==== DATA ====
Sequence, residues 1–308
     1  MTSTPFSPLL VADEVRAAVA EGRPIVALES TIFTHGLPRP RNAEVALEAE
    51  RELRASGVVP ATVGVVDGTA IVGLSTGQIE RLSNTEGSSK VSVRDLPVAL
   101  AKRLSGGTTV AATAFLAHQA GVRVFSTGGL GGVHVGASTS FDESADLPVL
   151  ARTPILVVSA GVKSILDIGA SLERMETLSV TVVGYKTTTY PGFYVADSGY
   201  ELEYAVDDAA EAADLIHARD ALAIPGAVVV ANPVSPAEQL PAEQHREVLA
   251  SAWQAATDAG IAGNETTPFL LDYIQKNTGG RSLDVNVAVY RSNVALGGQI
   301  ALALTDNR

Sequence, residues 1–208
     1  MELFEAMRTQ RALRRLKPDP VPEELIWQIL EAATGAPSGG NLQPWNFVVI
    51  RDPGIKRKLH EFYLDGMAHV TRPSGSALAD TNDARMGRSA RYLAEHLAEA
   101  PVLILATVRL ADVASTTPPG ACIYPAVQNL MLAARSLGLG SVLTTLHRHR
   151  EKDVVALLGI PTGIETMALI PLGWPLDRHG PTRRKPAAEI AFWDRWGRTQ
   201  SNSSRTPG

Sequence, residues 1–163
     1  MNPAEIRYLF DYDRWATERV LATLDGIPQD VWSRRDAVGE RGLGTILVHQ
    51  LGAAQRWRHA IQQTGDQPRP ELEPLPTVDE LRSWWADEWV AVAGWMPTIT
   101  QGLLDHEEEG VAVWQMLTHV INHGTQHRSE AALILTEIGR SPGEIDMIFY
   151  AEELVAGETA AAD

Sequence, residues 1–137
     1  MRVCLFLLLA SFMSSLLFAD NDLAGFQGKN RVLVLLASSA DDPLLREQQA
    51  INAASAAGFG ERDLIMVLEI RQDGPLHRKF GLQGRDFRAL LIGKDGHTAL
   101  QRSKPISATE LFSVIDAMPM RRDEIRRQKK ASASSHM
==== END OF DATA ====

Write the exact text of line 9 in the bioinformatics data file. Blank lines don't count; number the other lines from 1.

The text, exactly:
Sequence, residues 1–208